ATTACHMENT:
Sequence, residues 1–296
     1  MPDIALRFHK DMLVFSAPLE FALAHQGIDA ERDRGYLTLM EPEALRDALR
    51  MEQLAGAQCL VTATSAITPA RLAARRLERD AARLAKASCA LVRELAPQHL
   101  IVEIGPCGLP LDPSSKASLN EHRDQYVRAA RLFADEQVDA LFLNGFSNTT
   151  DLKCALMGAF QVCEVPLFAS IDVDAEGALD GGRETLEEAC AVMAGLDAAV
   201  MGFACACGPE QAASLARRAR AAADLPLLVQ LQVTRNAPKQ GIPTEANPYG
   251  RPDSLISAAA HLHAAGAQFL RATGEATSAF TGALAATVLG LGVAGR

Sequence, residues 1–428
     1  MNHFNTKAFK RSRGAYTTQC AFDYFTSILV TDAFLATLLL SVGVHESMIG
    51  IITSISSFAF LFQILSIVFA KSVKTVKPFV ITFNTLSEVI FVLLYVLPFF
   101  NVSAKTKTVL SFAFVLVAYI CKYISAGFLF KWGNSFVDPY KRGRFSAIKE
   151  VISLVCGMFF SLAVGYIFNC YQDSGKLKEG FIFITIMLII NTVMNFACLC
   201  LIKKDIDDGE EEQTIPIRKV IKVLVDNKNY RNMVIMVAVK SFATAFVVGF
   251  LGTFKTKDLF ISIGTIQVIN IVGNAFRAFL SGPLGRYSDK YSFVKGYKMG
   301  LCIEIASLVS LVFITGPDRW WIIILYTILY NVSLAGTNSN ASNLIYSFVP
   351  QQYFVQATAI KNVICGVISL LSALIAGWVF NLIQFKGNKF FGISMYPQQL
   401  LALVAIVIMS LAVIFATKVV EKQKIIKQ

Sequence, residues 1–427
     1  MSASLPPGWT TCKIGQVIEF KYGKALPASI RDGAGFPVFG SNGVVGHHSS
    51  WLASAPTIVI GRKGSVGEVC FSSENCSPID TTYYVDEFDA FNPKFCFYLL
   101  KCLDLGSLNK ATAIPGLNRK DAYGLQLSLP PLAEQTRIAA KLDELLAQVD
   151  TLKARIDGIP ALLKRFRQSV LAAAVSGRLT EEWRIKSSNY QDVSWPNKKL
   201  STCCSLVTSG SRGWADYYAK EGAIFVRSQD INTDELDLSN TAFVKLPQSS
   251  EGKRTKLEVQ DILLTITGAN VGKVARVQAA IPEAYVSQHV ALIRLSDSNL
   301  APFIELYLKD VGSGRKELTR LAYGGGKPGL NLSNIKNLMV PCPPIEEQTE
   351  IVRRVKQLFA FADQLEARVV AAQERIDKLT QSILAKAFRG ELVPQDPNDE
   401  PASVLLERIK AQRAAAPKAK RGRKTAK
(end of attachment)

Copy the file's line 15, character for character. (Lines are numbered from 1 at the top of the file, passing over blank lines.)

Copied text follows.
   301  LCIEIASLVS LVFITGPDRW WIIILYTILY NVSLAGTNSN ASNLIYSFVP